(CNN) — Hillary Clinton put an end to months of speculation on Sunday by officially announcing her candidacy for president, giving the former secretary of state another shot at cracking the highest glass ceiling in American politics.
The initial word came in an email to supporters from John Podesta, a longtime Clinton ally, thena video launched on YouTube and a newly minted Facebook page.
“I’m getting ready to do something too. I’m running for president,” Clinton said in the video. “Everyday Americans need a champion, and I want to be that champion — so you can do more than just get by — you can get ahead. And stay ahead. Because when families are strong, America is strong. So I’m hitting the road to earn your vote, because it’s your time. And I hope you’ll join me on this journey.”
The video was shot last week, a campaign official told CNN. Clinton’s part was shot in New York with the rest of the video shot in places including Iowa and New Hampshire, a campaign official told CNN.
Clinton was at her home in New York for the launch of her campaign. She will be making some calls to top Democrats Sunday, as will her senior staff, according to a campaign official.
Following the video release, the Clinton campaign sent our a press release detailing her next steps.
“She’s committed to spending the next six to eight weeks in a ‘ramp up’ period where her team will start to build a nation-wide grassroots organization, and she will spend her time engaging directly with voters,” according to the release. “In May, once her supporters in all 50 states are organized for house parties or to watch over live streams, Hillary will hold her first rally and deliver the speech to kick off her campaign.”
She’ll travel to Monticello, Iowa on Tuesday before heading to Norwalk on Wednesday, according to a campaign aide.
Clinton’s second presidential run is another chapter in a life that has seen the former first lady go from a child raised in a conservative home outside Chicago to one of the most recognizable women in the world. Clinton became a household name in 1992 when her husband, Bill Clinton, won the presidency.
Since then, Hillary Clinton has become a force in her own right, serving in the Senate for eight years, unsuccessfully running for president in 2008 and leading the State Department from 2009 to 2013.
Over the coming months, Clinton’s campaign will plot how to reintroduce the former first lady — on her own terms — to the American people. Democrats close to Clinton have started to call her the most unknown famous person in the world. Their argument is that people know of Clinton — she has near 100% name recognition in most polls — but they don’t know her story.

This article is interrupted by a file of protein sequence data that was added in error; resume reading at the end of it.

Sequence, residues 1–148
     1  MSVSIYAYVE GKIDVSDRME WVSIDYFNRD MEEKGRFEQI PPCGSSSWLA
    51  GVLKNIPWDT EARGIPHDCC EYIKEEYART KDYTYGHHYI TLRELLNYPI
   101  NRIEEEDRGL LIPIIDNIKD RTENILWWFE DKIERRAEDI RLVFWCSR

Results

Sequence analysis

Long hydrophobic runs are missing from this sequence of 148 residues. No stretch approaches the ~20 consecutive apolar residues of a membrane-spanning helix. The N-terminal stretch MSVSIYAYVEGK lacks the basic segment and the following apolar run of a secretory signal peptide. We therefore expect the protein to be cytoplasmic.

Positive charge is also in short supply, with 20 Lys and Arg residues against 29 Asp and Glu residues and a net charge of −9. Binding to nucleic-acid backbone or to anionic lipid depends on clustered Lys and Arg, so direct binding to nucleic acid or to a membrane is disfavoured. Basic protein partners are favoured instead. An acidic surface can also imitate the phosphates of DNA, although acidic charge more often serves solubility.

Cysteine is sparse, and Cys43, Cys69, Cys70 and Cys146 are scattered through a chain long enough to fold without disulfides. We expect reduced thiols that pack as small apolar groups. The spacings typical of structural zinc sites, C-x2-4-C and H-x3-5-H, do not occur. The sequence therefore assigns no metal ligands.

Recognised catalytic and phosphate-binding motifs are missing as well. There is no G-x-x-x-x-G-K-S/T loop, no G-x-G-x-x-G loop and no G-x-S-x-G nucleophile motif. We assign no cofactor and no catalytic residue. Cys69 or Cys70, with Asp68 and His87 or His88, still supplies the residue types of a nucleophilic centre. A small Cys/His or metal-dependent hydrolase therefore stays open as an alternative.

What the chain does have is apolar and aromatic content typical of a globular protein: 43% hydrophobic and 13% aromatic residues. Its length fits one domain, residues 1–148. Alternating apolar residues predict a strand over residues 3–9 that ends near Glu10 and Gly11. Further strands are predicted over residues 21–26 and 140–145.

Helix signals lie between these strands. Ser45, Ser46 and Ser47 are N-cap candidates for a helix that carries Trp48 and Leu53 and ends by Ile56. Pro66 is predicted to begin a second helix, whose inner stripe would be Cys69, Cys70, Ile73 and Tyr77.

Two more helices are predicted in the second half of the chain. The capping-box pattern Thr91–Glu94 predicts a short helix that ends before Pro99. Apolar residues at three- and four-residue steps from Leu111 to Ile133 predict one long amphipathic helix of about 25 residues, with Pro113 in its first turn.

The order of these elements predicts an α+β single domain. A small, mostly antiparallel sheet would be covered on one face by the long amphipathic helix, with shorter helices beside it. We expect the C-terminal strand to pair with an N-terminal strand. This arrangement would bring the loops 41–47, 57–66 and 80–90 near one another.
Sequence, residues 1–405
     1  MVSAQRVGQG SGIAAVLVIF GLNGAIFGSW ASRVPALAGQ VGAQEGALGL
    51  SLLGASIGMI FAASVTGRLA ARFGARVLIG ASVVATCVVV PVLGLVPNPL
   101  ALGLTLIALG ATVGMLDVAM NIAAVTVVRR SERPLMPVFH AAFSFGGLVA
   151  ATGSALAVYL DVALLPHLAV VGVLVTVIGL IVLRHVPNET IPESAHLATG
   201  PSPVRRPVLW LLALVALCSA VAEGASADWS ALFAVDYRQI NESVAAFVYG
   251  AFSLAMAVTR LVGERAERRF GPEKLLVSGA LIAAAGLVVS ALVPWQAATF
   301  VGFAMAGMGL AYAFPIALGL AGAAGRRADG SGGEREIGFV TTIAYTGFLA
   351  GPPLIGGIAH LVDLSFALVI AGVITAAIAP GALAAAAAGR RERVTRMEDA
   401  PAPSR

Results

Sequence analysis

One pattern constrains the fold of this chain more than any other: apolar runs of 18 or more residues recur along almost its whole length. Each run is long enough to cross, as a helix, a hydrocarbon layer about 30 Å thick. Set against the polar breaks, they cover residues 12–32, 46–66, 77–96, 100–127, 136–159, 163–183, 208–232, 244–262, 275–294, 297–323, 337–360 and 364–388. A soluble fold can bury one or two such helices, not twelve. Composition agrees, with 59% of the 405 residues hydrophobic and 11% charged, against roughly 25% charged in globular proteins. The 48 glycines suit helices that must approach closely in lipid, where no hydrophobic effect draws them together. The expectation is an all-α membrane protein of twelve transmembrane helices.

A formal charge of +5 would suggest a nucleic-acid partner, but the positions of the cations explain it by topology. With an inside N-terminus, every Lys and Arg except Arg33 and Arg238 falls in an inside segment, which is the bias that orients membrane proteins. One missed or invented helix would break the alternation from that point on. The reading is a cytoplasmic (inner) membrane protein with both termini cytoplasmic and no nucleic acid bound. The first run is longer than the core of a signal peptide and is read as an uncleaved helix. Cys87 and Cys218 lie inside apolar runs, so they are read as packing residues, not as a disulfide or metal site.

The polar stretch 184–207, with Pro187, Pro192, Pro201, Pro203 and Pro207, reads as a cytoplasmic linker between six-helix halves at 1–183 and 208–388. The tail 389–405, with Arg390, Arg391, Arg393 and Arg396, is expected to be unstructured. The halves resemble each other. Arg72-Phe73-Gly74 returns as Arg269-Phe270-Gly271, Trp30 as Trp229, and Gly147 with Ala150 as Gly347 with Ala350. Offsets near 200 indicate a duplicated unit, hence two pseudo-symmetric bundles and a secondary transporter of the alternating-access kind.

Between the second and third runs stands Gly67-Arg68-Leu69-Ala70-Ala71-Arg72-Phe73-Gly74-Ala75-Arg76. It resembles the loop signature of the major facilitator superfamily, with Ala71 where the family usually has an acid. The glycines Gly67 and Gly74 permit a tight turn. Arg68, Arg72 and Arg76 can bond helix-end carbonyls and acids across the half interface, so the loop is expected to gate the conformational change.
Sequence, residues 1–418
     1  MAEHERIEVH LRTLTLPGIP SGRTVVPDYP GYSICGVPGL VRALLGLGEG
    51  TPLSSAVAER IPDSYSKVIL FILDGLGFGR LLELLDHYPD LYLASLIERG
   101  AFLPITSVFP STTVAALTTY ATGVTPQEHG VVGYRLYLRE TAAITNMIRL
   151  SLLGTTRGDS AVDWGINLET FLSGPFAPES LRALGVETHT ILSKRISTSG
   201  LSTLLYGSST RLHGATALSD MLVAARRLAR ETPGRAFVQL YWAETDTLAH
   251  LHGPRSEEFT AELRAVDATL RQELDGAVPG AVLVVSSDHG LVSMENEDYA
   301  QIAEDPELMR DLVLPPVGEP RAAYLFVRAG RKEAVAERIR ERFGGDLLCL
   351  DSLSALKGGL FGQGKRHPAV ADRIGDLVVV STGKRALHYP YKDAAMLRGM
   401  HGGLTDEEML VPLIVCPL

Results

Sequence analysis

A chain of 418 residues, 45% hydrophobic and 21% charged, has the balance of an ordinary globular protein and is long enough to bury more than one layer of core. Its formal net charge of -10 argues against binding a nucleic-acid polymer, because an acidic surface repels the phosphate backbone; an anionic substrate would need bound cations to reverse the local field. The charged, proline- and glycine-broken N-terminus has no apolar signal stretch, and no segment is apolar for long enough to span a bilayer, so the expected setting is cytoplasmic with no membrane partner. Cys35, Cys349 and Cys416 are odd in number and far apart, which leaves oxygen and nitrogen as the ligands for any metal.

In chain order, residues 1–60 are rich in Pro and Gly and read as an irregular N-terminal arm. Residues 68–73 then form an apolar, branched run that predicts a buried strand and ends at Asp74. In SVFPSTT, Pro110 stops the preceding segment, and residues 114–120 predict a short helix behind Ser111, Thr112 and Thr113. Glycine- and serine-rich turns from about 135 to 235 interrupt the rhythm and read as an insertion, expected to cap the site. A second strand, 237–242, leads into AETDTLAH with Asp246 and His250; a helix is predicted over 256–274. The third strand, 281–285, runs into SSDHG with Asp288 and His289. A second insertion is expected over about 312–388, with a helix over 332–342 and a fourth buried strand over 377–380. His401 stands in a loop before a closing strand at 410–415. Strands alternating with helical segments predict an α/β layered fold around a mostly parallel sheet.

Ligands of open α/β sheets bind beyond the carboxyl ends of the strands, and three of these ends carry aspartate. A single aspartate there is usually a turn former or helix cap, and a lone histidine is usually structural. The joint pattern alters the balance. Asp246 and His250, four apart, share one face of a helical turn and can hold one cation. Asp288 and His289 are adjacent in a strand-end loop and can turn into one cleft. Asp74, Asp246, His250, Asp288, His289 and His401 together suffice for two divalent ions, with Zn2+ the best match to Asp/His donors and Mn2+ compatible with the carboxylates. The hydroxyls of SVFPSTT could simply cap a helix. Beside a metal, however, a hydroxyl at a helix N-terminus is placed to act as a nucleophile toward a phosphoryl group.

Using small, controlled events with everyday people, the campaign will hone in on Clinton’s personal story, using themes such as her Midwestern upbringing, her mother’s perseverance in the face of neglectful parents and Clinton’s own time raising a daughter to cast the presidential hopeful in a more favorable, softer light than she was seen during much of her 2008 presidential run.
Clinton’s candidacy has been widely anticipated. Even since before Clinton left the State Department in early 2013, speculation that she would take another shot at the White House has followed her.
For her part, Clinton willingly teased those expectations for the better part of the last two years as she crisscrossed the country delivering paid speeches, selling her new memoir and stumping for Democrats during the 2014 midterm elections. Throughout all of it, Clinton was consistently peppered with questions about her presidential ambitions and plans for the future. She was reluctant to tease a bid in early 2014 — telling an audience in New Orleans that she wasn’t even thinking about a run — but grew less coy this year when she began to embrace the expectations around her.
Clinton, the first to enter the Democratic presidential field, enters the race as the prohibitive favorite for the nomination, even though some of her poll numbers have slipped of late, likely because of a nagging email controversy.
A CNN/ORC International poll in March found that Clinton held a 50-point lead over her closest competitor, Vice President Joe Biden. What’s more, the three Democrats most actively teasing a presidential run — former Maryland Gov. Martin O’Malley, former Sen. Jim Webb of Virginia and independent Sen. Bernie Sanders of Vermont — all received no more than 3% support among Democrats and independents that lean Democratic.
Clinton’s dominance in the polls — along with the work of a number of outside pro-Clinton organizations — has helped freeze the Democratic field. But a dozen or so Republicans may ultimately line up for the chance to take Clinton on.
Ahead of her expected announcement, former Florida Gov. Jeb Bush released a YouTube video Sunday attempting to connect Clinton to the “failed big government policies” of President Barack Obama.
Though she just announced her candidacy on Sunday, she is already surrounded by a sizable Democratic operation; Clinton has had around 30 people “volunteering” on her behalf in recent weeks.
Podesta, her anticipated campaign chairman, and Robby Mook, her expected campaign manager, began assembling a campaign apparatus this year, and a number of political operatives moved to New York in March and April to work for the nascent campaign. All of the new hires, however, have been considered volunteers until this point, meaning they have not been paid for weeks of work.